I love it when forgotten ideas return, especially the ones I’ve shrugged off as “surely doomed,” and then they reappear as great stuff.
That’s how Scotch whisky got into my Saratoga cocktail.
The first time I wrote about the Saratoga, it crossed my mind to try it with other spirits, particularly Scotch. Without much deep thought, I wrote it off as not a “proper” Saratoga, and, more to the point, a really bad-sounding combination that couldn’t possibly work.
Fast forward to last weekend, when I was trying to come up with a good cocktail for a straight Scotch drinker. Maybe it’s because I was in a Manhattan kind of mood that the Saratoga came to mind; this time, the idea of making it with Scotch seemed like a natural experiment.
And humbled once again by preconceived notions, I’m here to tell you it worked great.
Not as round nor as sweet as the original rye version, this Scotch variant shows off the classic Scotch whisky characteristics—particularly the dry maltiness and slight, peaty smokiness—but it rounds off the sharp edges with the brandy and vermouth to make a delightful aperitif cocktail.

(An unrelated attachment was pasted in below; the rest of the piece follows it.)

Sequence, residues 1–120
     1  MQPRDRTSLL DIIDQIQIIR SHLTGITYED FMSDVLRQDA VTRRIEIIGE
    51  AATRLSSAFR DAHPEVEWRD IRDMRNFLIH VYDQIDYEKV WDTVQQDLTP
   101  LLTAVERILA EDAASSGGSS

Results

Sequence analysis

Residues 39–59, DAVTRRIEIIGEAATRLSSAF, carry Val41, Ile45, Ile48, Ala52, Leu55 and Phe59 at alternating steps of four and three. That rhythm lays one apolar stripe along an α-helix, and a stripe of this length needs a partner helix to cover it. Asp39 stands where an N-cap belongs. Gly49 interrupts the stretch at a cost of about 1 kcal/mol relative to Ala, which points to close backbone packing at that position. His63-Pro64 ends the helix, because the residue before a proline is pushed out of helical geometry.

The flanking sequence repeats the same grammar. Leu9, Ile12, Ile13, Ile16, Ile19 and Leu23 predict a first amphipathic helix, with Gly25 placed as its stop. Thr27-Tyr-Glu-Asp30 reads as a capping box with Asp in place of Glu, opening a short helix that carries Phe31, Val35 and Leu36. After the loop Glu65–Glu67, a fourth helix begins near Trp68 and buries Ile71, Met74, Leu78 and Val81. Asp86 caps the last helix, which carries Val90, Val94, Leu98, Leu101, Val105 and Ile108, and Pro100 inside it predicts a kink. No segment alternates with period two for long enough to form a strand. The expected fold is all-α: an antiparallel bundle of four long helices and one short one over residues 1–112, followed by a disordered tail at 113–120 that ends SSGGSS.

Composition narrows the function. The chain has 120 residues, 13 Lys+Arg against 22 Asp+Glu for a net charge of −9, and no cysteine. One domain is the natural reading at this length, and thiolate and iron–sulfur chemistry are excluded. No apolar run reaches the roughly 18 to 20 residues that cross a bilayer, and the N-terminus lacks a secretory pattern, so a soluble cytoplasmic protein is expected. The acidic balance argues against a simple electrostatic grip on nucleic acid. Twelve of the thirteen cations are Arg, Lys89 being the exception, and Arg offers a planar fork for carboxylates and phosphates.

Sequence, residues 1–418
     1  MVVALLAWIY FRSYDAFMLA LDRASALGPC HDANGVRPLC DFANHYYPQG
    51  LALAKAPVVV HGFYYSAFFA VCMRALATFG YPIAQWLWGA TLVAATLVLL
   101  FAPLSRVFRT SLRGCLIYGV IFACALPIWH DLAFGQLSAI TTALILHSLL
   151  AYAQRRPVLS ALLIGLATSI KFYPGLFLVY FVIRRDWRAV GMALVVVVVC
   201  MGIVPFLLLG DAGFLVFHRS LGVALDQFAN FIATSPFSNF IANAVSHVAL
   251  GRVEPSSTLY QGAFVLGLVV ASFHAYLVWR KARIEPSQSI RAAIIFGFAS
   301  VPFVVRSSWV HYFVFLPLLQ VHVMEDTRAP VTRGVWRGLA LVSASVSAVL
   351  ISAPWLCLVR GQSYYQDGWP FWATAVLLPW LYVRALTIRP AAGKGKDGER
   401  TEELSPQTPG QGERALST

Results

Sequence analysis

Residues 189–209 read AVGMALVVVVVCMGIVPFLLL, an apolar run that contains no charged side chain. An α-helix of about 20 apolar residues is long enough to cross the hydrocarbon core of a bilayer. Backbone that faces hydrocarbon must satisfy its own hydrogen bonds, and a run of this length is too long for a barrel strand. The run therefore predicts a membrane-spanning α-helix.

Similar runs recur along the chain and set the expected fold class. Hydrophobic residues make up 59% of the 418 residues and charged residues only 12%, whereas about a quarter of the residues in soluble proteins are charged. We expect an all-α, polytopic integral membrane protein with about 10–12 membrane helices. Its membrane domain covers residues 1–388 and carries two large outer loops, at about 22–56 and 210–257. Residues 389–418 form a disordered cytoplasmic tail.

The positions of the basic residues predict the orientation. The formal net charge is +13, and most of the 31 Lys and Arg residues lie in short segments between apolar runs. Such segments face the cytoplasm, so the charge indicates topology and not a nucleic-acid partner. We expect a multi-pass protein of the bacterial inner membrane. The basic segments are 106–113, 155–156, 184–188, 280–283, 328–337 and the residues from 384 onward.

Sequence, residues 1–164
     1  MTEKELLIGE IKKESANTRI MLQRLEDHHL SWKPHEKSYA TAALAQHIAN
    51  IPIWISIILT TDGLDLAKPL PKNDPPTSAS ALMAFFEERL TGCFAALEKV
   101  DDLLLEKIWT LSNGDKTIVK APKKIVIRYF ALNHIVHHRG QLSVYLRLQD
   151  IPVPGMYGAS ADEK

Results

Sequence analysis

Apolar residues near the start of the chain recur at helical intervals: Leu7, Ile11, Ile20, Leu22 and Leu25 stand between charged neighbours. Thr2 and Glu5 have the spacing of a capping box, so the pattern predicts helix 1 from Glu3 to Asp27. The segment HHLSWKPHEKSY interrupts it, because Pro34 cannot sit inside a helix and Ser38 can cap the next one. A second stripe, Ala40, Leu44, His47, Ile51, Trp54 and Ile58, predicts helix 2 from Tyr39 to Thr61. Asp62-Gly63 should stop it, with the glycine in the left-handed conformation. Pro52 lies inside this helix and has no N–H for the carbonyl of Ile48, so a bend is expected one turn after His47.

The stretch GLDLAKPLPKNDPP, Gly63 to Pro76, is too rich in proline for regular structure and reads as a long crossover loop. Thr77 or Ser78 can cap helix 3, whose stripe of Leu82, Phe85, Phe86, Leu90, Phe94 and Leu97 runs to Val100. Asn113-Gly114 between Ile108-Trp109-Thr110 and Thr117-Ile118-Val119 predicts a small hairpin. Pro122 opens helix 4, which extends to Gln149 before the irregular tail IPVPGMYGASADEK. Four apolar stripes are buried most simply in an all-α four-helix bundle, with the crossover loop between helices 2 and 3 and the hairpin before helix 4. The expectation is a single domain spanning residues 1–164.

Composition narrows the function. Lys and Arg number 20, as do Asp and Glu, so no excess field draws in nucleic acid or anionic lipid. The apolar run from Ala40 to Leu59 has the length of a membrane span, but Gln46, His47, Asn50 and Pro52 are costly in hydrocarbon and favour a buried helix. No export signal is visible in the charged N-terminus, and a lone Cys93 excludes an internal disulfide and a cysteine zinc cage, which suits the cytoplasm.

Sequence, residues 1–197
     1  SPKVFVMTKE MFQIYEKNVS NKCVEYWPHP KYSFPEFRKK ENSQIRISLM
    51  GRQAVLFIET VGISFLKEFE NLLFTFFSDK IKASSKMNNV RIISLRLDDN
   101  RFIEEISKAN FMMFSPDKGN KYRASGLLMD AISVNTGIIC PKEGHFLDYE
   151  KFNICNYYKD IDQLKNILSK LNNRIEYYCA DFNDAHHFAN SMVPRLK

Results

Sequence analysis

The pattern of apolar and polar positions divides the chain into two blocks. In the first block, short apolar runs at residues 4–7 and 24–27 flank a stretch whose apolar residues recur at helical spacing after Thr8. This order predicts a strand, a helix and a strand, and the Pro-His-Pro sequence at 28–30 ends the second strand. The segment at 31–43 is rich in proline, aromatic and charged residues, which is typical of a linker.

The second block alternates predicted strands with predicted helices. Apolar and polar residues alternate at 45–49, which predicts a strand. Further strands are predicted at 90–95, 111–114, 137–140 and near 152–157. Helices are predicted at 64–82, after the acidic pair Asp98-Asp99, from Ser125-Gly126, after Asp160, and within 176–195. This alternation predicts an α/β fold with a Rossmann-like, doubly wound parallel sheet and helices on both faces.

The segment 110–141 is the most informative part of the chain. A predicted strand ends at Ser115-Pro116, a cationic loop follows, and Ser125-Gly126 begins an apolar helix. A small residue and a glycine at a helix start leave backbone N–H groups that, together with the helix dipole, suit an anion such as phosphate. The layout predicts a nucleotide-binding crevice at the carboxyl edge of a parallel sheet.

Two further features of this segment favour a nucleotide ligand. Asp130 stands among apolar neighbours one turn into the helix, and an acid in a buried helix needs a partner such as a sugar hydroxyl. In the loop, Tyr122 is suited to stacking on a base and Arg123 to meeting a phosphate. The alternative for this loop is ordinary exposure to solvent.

The Scotch Saratoga
- 1 oz Blended Scotch (Famous Grouse)
- 1 oz brandy (Remy Martin VSOP)
- 1 oz Sweet Vermouth (Boissiere, Carpano Antica)
- 2 dashes Angostura Bitters
Stir all ingredients with ice until very cold; strain into a chilled cocktail glass. Optionally garnish with lemon, or not at all.
The Famous Grouse has become my standard blending Scotch, and I haven’t tried this with other brands or styles. I would recommend that you use your favorite, though I suspect that strongly peated whiskies may not work as well as the lighter styles.
As with the original rye Saratoga, I find that the Carpano Antica-style of vermouth blends best in this drink. I was delighted to discover that Boissiere’s sweet vermouth makes a terrific Saratoga with either rye or Scotch, and it is much less expensive and more readily available (in my market.)
(And I’m happy to report that the straight Scotch drinker liked this one, too…)
“The Scotch Saratoga” at cold-glass.com : All text and photos copyright © 2011 Douglas M. Ford. All rights reserved.
I just tried this with a 1/4 oz. of Benedictine added, along with an extra dash of Angostura. Delicious, and a close cousin of a Saratoga #2 (a rye Saratoga that includes a bit of Grand Marnier, which I picked up somewhere).
I can believe a bit of Benedictine could work well in the mix, I look forward to trying it. Thanks!
Sensing a kinship between the smokiness of mezcal and scotch, I tried a mezcal Saratoga. It took a teaspoon of Campari to cut the sweetness a bit, but the result is quite delicious.
Nice idea, thanks.